Laura Aguilar, queer Latinx photographer, dies at 58

Laura Aguilar is well known for her iconic triptych “Three Eagles Flying.” Featuring her signature self-portraiture, the artist’s nude body takes on a form of rebellion against the colonization of Latinx identities – racial, gendered, cultural and sexual. Photo: Laura Aguilar, “Three Eagles Flying,” 1990. Three gelatin silver prints. Courtesy of the artist and the UCLA Chicano Studies Research Center.

The LGBTQ community is mourning the loss of queer Latinx photographer Laura Aguilar, the trailblazing artist whose 1992 images captured the working class, lesbian residents of East Los Angeles who found sanctuary at the iconic dyke bar the Plush Pony.

‘SHE WAS A BADASS’

“The beautiful, dynamic queer Chicana photographer Laura Aguilar has died,” performance artist Monica Palacios posted on Facebook. “She was a trailblazer. She was a badass. Laura documented so much of our queer Latinx LA lives during the 90s. Rest in power magnificent Laura.”

Aguilar died early Wednesday at a hospice care facility in Long Beach from complications related to diabetes, said Christopher Anthony Velasco, her agent and one of the trustees of her estate.

Aguilar was 58, Velasco said.

A celebration will take place, but the details have not yet been confirmed, Velasco said.

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RETROSPECTIVE EXHIBIT

Aguilar, who was born and resided in San Gabriel, recently was the subject of a career retrospective, “Laura Aguilar: Show and Tell,” at the Vincent Price Art Museum in Monterey Park, and her photography appeared last year in the two-part exhibition “Axis Mundo: Queer Networks in Chicano L.A.” The shows, part of the Pacific Standard Time: LA/LA series of exhibitions, helped bring her art to a new audience.

Aguilar’s retrospective, which spans three decades of her career and features more than 130 photographs, is on view at the Frost Art Museum in Miami.

As a woman of color, a lesbian, and auditory and reading comprehension dyslexic, Laura Aguilar (seen in a 2016 photo) used photography as an outlet and a way to explore and challenge notions of identity, the female body, and societal assumptions about beauty. Photo: Luis Alfaro.

Aguilar’s health had been deteriorated, but was determined to see her retrospective exhibit open, Velasco said.

“Laura was having a lot of health issues, but she was holding on to see her show,” he said. “Laura wanted to see her show. She was so happy when she saw it.”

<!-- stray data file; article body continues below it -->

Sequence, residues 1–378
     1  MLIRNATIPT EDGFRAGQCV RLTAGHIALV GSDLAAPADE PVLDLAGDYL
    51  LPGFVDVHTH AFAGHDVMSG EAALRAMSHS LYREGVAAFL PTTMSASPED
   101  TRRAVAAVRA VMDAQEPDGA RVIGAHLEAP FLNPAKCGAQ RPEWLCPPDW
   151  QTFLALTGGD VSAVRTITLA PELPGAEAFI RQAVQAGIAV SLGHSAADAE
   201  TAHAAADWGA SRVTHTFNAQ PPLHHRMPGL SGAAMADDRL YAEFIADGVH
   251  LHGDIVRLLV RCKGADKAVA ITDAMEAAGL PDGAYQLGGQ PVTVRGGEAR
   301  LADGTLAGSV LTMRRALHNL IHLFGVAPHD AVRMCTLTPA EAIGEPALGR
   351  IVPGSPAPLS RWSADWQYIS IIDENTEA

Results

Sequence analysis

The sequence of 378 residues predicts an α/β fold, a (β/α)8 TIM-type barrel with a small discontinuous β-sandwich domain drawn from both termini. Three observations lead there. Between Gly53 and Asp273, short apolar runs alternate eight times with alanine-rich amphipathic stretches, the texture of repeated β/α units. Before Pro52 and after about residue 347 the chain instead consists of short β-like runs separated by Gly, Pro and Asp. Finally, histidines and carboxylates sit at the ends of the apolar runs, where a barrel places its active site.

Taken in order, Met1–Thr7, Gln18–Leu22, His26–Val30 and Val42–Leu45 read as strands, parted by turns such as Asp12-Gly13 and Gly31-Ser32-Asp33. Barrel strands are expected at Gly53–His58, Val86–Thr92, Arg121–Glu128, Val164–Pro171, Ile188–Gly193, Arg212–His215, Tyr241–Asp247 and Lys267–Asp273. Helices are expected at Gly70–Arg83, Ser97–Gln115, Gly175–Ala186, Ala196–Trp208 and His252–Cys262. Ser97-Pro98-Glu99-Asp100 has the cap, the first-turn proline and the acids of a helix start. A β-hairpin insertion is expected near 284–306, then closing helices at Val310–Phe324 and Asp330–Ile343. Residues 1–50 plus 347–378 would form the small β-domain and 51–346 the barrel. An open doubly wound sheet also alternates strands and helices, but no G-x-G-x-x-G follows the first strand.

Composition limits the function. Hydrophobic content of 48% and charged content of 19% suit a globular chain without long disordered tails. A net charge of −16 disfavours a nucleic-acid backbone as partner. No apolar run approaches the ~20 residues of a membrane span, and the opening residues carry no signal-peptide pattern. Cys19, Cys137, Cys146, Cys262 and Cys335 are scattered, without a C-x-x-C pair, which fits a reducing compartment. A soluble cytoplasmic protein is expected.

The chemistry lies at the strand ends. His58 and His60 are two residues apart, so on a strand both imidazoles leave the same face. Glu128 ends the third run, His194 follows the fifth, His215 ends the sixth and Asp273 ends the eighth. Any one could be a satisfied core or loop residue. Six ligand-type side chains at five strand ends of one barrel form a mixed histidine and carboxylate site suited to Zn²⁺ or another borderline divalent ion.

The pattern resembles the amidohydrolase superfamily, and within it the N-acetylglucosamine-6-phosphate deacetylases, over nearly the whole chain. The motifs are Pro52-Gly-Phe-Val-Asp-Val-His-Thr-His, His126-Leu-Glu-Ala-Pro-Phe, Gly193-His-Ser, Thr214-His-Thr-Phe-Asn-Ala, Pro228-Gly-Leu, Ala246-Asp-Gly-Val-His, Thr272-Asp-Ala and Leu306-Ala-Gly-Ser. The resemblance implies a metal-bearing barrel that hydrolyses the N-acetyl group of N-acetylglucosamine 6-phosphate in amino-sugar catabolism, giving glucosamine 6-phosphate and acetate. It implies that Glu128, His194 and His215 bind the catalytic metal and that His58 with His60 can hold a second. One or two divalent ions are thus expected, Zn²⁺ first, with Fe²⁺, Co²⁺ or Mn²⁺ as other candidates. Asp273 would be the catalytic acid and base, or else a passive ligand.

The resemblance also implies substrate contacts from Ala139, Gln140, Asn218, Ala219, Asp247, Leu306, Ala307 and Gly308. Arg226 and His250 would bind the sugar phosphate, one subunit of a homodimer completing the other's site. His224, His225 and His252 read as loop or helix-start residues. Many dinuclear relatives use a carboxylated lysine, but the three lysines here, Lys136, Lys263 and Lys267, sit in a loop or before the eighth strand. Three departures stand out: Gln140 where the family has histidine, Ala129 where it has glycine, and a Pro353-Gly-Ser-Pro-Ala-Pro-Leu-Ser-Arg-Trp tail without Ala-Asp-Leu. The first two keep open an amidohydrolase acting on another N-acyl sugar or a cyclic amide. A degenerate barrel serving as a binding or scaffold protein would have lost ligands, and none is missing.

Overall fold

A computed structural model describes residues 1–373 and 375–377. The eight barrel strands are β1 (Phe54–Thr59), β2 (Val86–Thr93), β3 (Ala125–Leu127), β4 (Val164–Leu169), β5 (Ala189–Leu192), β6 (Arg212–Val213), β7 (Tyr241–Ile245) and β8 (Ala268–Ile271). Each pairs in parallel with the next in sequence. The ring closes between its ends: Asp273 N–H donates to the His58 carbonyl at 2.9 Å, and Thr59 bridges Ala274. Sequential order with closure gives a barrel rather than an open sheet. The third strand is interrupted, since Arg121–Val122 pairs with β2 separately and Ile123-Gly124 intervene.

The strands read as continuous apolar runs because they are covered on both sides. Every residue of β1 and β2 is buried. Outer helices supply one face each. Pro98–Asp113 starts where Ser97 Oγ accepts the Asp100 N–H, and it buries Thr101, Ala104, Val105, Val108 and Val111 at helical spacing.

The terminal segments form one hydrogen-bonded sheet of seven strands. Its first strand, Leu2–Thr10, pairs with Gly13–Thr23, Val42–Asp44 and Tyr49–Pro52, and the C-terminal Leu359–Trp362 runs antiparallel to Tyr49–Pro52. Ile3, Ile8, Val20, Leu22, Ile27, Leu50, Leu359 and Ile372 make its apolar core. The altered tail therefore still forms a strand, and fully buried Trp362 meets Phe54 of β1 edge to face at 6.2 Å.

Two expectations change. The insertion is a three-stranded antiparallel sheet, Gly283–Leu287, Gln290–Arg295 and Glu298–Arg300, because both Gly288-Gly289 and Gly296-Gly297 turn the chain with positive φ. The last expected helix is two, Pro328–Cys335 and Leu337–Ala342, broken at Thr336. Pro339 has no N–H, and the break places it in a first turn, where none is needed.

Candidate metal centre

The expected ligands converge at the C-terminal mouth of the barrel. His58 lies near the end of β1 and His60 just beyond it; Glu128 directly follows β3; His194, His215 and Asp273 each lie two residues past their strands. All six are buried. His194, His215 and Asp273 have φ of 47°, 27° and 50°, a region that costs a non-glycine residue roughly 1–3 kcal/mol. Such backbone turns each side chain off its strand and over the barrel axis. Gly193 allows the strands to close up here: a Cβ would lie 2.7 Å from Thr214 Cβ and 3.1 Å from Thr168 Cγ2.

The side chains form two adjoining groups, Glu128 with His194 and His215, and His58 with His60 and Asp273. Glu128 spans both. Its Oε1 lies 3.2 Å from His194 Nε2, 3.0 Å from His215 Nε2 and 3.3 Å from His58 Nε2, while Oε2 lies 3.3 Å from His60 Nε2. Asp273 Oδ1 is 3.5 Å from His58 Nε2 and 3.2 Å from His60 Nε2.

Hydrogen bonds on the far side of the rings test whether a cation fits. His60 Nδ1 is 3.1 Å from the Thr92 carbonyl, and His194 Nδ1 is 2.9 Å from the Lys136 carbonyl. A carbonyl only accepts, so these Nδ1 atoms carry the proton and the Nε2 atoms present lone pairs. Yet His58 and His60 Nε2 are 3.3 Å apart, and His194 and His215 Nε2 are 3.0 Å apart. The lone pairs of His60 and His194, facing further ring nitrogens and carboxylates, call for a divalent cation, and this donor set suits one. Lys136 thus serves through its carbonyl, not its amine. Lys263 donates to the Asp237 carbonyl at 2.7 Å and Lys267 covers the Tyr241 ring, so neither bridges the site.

Aguilar was the daughter of a Mexican-U.S. father and a Mexican-Irish mother. As a woman of color, a lesbian, and auditory and reading comprehension dyslexic, Aguilar used photography as an outlet and a way to explore and challenge notions of identity, the female body, and societal assumptions about beauty.

Aguilar studied photography at East Los Angeles Community College and participated in Santa Fe Photographic Workshops, but mostly considered herself self-taught.

‘LAURA WAS A FIRECRACKER’

“Laura was an intense, sweet, and difficult person,” Velasco said. “She was stubborn, but thoughtful and super intelligent.

“Laura was a firecracker,” he said. “She could bust your balls, but when it came time for studio visit or lecture for students, she loved to talk with students and talk about photography.”

Aguilar’s work has been exhibited in the 1993 Venice Biennale, the Los Angeles City Hall Bridge Gallery,  Los Angeles County Museum of Art, the Hammer Museum, the Smithsonian Institution’s International Gallery, and the International Center of Photography in New York City.

Aguilar’s work is important for its intersections across her identities: queer, brown, feminist, and Latinx.

Among the works showcased in “Laura Aguilar: Show and Tell” is “Three Eagles Flying,” a powerful black-and-white portrait of the artist standing bare-breasted and tied with rope between the United States and Mexican flags. Aguilar looks as if she is stuck in limbo between between the two countries.

Laura Aguilar was a trailblazing photographer, whose 1992 images captured the working class, lesbian residents of East Los Angeles who found sanctuary at the iconic dyke bar the Plush Pony. Photo: Laura Aguilar, “Plush Pony #2,” 1992. Gelatin silver print.
Courtesy of the artist and the UCLA Chicano Studies Research Center.

LESBIAN BAR PHOTOS

The exhibit also spotlights several series of works, including 1992’s “Plush Pony Series” that documents the working-class regulars at the Plush Pony lesbian bar in East Los Angeles, and “Nude Self-Portraits,” photographs of Aguilar lying among the desert terrain and natural rock formations in New Mexico.

On Facebook, Marie Cartier, a senior lecturer in gender and women’s studies at Cal State Northridge and film and media studies at UC Irvine, said, “Aguilar’s work opened up for me the world of East Los Angeles and the iconic dyke bar the Plush Pony. Her gaze was authentic and revelatory.

“May that lost lesbian bar space be open again and crowded on the other side tonight. May the drinks be cold. And may the ‘Last Dance’ always …be a sweet one.”

Aguilar is survived by her nephew, Michael Aguilar.

About the author

Phillip Zonkel

Award-winning journalist Phillip Zonkel spent 17 years at Long Beach's Press-Telegram, where he was the first reporter in the paper's history to have a beat covering the city's vibrant LGBTQ. He also created and ran the popular and innovative LGBTQ news blog, Out in the 562.

He won two awards and received a nomination for his reporting on the local LGBTQ community, including a two-part investigation that exposed anti-gay bullying of local high school students and the school districts' failure to implement state mandated protections for LGBTQ students.